"It's very daunting work for eight actors – physically and textually," said Rehm. Roles rotate among the performers – sometimes several actors play Odysseus in the same scene.

The performers are onstage the whole time. "It's an ensemble show – unlike anything the Stanford Summer Theater has ever done before," he said. "Nobody leaves the stage for more than a few seconds, and those few seconds are spent behind a scrim."

And, during the rehearsals on this particular day, the actors seem to be offering as much direction as Rehm, particularly L. Peter Callender, who is also artistic director of the African American Shakespeare.

"Some days ideas need to flow more from the actors than from Rush," said Callender. "It's unusual that everyone has a say in everything. I've never experienced that before. That's how ideas here marinate. Rush is very humble."

Stefanie Okuda Calypso (Courtney Walsh) clings to Odysseus (L. Peter Callender).

Calypso (Courtney Walsh) clings to Odysseus (L. Peter Callender).

When not enacting a character, the actors provide background action, for Homer's verse is a world of motion. For all its verbal polish, it's an endless round of feasting, rowing, sex, fighting monsters. Hence, "It's a constant organizational maelstrom of action – the actors have to be on their game continually, constantly on focus," said Rehm.

"The body is never absent from Homer," he added, nor is it absent from Walcott's sensuous Caribbean isle, a work that explores the nexus of colonialism, history and love.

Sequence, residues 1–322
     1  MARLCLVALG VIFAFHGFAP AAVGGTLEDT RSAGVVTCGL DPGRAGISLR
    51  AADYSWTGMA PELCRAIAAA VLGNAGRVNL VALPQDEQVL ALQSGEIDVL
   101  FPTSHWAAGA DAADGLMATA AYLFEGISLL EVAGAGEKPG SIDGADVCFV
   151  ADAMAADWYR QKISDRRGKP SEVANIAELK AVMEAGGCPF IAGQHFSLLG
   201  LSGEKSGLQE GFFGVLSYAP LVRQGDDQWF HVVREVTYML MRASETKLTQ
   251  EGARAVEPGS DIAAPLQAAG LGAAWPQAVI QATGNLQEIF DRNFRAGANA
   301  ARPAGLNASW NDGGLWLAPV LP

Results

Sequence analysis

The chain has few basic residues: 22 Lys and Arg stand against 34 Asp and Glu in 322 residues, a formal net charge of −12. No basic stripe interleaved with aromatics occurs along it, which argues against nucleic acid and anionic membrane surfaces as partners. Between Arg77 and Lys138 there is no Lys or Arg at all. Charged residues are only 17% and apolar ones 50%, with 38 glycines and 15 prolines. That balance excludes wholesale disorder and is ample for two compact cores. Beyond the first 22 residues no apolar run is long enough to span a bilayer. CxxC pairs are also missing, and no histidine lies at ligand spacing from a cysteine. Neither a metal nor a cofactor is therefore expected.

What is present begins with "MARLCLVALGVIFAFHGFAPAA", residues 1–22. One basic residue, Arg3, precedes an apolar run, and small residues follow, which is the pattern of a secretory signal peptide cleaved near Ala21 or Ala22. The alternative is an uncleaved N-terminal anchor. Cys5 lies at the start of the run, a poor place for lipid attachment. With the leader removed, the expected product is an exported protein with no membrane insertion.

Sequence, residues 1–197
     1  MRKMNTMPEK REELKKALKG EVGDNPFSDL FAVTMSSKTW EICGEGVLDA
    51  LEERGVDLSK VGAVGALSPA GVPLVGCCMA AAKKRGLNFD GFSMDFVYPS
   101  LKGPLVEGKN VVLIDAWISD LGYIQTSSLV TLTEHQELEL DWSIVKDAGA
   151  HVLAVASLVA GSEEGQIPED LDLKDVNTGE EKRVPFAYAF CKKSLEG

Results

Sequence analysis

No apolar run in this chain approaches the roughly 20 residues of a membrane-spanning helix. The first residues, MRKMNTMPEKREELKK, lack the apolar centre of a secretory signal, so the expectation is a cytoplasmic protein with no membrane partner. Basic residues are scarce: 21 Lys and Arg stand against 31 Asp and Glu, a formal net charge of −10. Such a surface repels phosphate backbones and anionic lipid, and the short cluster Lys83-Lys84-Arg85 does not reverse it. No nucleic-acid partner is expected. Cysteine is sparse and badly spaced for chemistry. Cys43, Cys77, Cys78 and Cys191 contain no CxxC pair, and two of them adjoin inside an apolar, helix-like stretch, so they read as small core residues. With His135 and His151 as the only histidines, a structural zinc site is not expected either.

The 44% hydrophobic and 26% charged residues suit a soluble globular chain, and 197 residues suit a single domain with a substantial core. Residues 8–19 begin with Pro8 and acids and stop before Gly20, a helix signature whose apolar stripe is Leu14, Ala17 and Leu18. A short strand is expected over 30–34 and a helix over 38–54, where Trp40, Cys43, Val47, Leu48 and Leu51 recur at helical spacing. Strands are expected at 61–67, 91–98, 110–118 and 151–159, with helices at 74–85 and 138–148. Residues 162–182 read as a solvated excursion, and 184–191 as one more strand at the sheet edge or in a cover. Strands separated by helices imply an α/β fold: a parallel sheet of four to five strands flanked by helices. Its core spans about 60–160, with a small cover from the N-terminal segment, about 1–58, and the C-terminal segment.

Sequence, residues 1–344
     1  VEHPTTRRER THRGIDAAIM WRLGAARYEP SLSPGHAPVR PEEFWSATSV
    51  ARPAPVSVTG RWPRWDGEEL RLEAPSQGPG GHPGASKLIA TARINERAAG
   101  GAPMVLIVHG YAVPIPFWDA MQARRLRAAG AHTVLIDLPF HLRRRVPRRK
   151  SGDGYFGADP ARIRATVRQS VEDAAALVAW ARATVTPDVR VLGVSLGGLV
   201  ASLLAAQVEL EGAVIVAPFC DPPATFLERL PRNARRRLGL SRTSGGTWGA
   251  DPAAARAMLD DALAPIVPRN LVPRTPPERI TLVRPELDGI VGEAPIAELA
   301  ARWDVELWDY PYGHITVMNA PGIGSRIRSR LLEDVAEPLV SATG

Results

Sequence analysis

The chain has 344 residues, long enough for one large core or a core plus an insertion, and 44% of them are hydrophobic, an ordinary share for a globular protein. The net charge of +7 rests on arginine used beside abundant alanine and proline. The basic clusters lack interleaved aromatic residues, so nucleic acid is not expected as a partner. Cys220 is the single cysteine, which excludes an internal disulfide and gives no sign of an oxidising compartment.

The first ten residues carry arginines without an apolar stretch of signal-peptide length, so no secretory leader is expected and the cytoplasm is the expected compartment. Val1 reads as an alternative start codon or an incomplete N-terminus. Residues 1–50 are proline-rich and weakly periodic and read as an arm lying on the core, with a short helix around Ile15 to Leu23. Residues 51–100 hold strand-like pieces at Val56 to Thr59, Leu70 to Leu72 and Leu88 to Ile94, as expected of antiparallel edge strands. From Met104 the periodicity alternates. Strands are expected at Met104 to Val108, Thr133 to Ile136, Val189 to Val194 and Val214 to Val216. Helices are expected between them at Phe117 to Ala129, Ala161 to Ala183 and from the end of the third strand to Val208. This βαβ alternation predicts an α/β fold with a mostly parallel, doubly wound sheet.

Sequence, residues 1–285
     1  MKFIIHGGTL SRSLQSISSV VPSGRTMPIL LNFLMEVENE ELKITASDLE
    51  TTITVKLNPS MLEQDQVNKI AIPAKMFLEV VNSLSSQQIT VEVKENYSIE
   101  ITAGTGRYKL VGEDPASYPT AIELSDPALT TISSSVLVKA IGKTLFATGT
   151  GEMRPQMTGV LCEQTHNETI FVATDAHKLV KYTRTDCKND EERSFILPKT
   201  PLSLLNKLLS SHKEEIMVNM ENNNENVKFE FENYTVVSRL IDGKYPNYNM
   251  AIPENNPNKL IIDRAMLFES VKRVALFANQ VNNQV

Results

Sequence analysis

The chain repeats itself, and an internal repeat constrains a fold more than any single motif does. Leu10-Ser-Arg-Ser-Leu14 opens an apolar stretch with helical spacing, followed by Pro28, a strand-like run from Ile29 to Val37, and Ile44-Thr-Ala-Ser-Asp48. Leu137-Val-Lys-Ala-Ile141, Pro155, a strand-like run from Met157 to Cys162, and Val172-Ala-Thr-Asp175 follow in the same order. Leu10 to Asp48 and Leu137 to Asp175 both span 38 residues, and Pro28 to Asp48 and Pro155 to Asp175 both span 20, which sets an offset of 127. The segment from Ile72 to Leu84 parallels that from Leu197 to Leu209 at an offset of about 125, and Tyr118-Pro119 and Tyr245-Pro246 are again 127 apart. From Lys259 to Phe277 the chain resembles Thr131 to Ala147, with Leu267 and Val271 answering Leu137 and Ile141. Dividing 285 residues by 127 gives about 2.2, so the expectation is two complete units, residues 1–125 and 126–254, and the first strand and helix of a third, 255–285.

A man of twists and turns

This year's Wanderings of Odysseus centers on that most enigmatic of heroes, the Odysseus of Odyssey. The more peripheral forerunner in the The Iliad gives little warning of the great personal transformation Odysseus will undergo in the later epic. After the bloodbath of Troy, he is a man desperate to go home.

Calypso, Achilles and Agamemnon call him a "man of many devices"; his own mother calls him "first of men in misfortune." Elsewhere, Homer calls him a "man of twists and turns." He's deceptive, vain, smart, proud, heroic, foolish and absolutely bursting with strength and agility.

Yet he must learn patience and timing. He finds the heroism in humility and the complexities in human nature. Before reentering his house as master, he must disguise himself as a beggar and "hang out in a dung heap outside his own house," said Rehm.

In short, "If it's just one damn thing after another, we're not doing our job," said Rehm. "One of the delights of Homer is that it's not just stories."

Casual readers of the Odyssey may not note how elegantly and subtly the work is constructed: Rehm said "it repeats itself, like classical music" and has "harmonic depth. The repeated patterns become more complicated, have more meaning."

According to Callender, "What we're trying to create is a magical piece – where we are carrying Odysseus through all these wanderings."

"We're trying to bring those poems back into the limelight. It's so rare for them to be read, so rare for them to be enjoyed. They still take you to a place you never thought of. Take them out and read them, read them to your children. They shouldn't be forgotten."

For ticket information, visit or call 650/725-5838.